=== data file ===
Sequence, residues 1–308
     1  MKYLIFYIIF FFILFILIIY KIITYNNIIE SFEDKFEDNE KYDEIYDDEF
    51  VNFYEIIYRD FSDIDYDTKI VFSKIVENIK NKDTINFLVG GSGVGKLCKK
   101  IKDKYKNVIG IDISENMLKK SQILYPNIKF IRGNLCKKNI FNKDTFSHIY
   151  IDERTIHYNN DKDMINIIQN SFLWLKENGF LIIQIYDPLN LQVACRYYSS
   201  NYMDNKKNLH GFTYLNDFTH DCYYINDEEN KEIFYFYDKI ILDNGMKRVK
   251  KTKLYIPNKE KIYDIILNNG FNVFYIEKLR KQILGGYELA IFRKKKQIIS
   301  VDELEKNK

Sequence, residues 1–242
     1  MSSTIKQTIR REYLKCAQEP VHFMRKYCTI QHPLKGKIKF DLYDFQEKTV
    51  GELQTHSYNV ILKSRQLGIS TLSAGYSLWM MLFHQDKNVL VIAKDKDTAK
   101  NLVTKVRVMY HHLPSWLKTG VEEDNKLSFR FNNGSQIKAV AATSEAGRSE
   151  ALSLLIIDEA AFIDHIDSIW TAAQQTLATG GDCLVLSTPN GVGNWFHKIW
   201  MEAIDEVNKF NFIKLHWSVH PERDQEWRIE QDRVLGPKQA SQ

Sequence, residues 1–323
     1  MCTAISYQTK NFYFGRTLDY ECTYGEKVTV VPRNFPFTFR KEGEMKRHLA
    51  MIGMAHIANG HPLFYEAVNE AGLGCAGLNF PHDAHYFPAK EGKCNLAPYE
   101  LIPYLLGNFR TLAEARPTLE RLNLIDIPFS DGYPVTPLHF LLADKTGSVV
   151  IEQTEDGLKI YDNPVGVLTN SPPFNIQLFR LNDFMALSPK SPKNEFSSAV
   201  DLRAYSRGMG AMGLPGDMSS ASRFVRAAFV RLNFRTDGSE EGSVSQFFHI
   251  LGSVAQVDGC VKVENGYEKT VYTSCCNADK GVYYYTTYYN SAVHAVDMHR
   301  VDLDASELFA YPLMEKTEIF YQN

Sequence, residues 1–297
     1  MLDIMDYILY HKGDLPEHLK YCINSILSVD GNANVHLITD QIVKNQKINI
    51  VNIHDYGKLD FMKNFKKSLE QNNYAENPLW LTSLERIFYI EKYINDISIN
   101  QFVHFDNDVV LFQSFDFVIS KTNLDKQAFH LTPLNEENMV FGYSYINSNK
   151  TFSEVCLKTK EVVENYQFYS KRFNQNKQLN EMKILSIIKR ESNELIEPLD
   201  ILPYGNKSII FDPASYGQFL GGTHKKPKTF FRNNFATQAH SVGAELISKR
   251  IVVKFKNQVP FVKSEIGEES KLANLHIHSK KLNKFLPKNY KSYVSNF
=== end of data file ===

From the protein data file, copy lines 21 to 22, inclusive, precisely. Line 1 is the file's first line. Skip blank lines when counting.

   251  LGSVAQVDGC VKVENGYEKT VYTSCCNADK GVYYYTTYYN SAVHAVDMHR
   301  VDLDASELFA YPLMEKTEIF YQN